I have just completed a short novel called Age, and am resuming work on a novel set in Central Europe and the United States.

(1991) The working title of the book I refer to above as "a novel set in Central Europe and the United States" is In the Palace of the Movie King. I've been at work on this longer book in the background behind the shorter works that have emerged since the last longer work (Mysteries of Motion). It is certainly a more overtly political novel than any of the others, although that concern has been present in my work since the first stories.

This time the scene is Central Europe versus the U.S., as seen through the eyes of a filmmaker, Russian in origin, who grew up in Japan. Part of my interest has also been to see the U.S. as the visually obsessed nation it has fast become—through the eyes of a man who sees the world visually, rather than verbally. I hope thereby to free the book from what I think of as the de Tocqueville syndrome.

I am currently working on a shorter novel, set in England, where I have lived from time to time.

(1995) The "shorter work," set in England, is the novel, The Small Bang, published psuedonymously under the name Jack Fenno, to distinguish it from the other novel shortly to be published. As its title indicates, it poses the "small" bang that is human life against the "big bang" world views of the physicists. In the publisher's catalogue it is billed as a "mystery;" I wrote it as a novel purely, any novel being in a sense a "mystery" until its end.

On In the Palace of the Movie King: there comes a time for many of us when we feel seriously separated from the international intrigue that is happening all around us—and from the national picture also. Yet our domestic lives, urban or suburban or land-based, are always on that edge. I came to feel that I ought to be writing of what I thought of as "the long adventure"—that panorama, with documents, which would move through what we've been too trained to think of as the "thriller" novel. At the same time I must unite this with the domestic scene.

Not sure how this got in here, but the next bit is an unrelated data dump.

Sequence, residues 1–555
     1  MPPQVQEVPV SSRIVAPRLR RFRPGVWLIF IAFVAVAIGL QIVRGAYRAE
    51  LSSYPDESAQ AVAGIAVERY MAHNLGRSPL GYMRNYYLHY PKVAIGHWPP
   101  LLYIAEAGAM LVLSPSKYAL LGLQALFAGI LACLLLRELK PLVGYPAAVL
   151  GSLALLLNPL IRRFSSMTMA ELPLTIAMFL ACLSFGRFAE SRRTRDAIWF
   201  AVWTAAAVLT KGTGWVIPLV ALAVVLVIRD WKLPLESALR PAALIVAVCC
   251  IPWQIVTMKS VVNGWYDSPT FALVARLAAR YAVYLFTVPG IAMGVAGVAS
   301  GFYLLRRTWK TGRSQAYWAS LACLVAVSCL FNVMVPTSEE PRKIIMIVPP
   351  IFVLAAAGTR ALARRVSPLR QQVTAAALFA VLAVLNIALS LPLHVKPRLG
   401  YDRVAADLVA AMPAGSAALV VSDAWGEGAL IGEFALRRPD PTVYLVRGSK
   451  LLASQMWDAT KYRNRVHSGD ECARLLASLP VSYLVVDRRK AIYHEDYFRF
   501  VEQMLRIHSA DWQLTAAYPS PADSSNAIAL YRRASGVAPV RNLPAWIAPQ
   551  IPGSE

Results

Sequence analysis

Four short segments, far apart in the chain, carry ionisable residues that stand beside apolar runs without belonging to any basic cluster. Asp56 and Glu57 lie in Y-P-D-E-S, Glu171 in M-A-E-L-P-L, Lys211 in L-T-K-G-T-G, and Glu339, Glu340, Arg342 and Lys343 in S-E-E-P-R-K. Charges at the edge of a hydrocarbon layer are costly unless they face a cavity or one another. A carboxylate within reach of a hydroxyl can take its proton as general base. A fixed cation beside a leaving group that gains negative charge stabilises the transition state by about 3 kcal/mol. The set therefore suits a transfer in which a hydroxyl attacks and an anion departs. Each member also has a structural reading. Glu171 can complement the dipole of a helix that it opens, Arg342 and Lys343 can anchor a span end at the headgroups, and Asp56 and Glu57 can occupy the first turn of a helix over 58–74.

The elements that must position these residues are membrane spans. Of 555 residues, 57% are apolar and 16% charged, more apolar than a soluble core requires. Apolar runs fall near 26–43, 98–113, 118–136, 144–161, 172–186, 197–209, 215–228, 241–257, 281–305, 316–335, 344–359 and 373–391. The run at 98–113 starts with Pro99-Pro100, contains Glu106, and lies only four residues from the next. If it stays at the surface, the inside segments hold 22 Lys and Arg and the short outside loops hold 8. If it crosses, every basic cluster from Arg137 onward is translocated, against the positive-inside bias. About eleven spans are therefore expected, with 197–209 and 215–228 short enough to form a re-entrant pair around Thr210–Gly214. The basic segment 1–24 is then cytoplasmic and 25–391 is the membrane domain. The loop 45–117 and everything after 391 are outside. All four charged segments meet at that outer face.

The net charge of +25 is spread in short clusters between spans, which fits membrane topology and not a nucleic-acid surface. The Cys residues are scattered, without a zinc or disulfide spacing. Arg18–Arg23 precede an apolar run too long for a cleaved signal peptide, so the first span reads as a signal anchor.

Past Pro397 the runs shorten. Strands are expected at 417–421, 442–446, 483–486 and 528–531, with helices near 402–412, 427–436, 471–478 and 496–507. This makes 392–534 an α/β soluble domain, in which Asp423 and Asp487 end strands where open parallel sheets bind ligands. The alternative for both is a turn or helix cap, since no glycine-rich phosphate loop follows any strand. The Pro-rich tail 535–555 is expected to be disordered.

That's a nineteenth-century ambition, from the books I cut my teeth on: Dickens, Victor Hugo, Mark Twain, and in my teens, the Russians. I miss their scope—if not necessarily their size. A sentence can embody the long view. But a novel so conceived will concentrate along that axis. What will the reader allow me to do for our twentieth century time? Meanwhile—my century feeding me what I ought to be seeing—in both the subtle and monumental. I was seeing the whole metaphor of "the third world." Censorship, yes, torture for the dissident, death because one differs. But the crux of it: they—the citizens of that third world I happen to know best, Middle Europe—they were locked in. My country was not. Is not.

The Gonchevs, the couple I wrote about, emerged through those mists, along with a vision of the whole wide-screen planet we are now. The time is just before that savage Balkan conflict we are now witnessing. When Gonchev, an apolitical man entirely, is shipped to the U.S.A. and cast in the role of "dissident," my own land emerges, as seen through his eyes. One strains like the devil not to be "author," authoring. There the emigrants and transcontinentals I've known all my life surely helped.

At times Gonchev's story is taken to be satirical, even hilarious. That's a relief.